HALF-BLOOD BLUES by Esi Edugyan (Thomas Allen), 304 pages, $24.95 paper. Rating: NNNNN
If you're wondering how a novel gets on all of Canada's major prize short lists, reading Half-blood Blues tells you everything you need to know.
Start with a rare tale about black experience under Hitler, add the creative factor - the main characters are jazz musicians - and then throw in some superb writing and you have a magic formula.
Edugyan tells the story of musicians Chip and Sid, old friends from Baltimore who converge in Paris and begin making spectacular jazz music with their genius saxophonist, Hiero Falco.
But when the Nazis invade, declare jazz degenerate and threaten all non-Aryans, the boys go into hiding. Jealousy and betrayal ensue.
The story deftly shifts from 40s Paris to Poland in the early 90s, where Chip and Sid travel after attending a screening of a documentary on Hiero's life. On one level it's a suspense tale about personal survival in wartime; on another, it's about love-hate relationships among friends.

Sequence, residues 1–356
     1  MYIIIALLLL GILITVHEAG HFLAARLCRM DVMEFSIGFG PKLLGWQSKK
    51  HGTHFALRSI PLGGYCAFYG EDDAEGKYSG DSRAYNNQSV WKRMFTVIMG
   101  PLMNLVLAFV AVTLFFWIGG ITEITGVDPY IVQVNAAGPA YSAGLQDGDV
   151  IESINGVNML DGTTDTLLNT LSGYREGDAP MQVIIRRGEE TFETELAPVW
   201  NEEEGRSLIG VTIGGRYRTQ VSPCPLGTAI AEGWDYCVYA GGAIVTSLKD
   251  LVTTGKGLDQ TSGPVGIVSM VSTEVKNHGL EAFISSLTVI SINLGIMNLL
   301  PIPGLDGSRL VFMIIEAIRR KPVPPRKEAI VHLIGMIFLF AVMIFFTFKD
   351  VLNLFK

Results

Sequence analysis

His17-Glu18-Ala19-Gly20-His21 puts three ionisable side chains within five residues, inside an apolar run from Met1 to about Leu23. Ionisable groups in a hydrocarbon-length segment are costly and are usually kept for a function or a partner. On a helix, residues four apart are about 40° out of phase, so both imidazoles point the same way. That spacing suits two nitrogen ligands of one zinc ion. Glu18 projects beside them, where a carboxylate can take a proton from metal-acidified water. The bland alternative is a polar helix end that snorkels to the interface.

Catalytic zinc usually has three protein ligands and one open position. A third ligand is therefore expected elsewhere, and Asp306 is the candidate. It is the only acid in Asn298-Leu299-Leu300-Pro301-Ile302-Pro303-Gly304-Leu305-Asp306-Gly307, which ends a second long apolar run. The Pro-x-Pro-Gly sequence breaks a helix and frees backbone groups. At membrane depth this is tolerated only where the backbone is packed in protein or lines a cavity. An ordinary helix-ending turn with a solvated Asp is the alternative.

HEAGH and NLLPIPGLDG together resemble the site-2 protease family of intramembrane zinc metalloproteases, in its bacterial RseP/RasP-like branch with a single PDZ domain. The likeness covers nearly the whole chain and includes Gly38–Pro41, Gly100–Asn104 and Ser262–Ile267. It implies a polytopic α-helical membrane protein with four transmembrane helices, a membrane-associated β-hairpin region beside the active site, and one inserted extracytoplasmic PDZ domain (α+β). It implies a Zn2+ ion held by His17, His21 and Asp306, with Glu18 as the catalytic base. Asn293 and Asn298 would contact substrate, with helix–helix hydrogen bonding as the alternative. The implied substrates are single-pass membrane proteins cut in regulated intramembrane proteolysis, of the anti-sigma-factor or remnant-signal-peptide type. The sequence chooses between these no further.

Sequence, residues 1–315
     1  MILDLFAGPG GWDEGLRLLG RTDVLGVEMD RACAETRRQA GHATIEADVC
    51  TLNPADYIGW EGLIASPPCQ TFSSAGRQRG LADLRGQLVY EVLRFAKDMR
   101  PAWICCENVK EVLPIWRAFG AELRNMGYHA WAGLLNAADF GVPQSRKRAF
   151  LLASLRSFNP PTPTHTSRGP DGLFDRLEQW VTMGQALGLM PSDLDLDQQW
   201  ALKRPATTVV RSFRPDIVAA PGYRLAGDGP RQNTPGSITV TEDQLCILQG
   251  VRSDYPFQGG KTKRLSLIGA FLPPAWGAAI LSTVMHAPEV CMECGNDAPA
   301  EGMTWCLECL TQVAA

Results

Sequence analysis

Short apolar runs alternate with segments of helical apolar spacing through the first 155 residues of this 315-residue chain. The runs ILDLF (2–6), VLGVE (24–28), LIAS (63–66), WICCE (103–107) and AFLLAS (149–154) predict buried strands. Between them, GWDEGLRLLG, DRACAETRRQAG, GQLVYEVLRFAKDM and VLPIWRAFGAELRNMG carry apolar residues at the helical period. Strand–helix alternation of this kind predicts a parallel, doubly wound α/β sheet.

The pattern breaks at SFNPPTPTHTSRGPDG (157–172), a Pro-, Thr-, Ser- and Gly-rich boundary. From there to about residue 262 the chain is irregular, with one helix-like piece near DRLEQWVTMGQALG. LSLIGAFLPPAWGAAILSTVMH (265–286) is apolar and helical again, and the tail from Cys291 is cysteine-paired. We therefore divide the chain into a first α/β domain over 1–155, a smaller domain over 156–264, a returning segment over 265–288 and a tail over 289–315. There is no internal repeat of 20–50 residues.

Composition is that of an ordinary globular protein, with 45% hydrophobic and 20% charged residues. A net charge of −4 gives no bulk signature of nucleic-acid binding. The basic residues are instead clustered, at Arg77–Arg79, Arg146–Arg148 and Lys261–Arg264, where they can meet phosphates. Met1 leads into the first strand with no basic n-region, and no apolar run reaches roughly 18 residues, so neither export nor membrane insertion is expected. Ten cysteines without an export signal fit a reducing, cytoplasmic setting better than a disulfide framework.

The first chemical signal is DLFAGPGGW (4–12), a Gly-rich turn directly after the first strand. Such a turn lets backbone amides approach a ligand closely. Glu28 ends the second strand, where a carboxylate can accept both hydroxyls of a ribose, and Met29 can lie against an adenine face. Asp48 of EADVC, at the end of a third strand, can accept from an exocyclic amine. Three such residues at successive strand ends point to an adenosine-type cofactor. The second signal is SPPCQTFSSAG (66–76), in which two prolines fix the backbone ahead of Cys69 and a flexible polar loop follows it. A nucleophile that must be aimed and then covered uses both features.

But what makes the book spectacular is the voice, Sid's from a first-person perspective, and the dialogue. The hipster talk - much of it invented by the author - sounds strangely out of time, as if it could come from the mouths of contemporary characters. Yet you never doubt the story's WWII setting.
And when Edugyan writes about the music, you can feel it vibrating in your bones.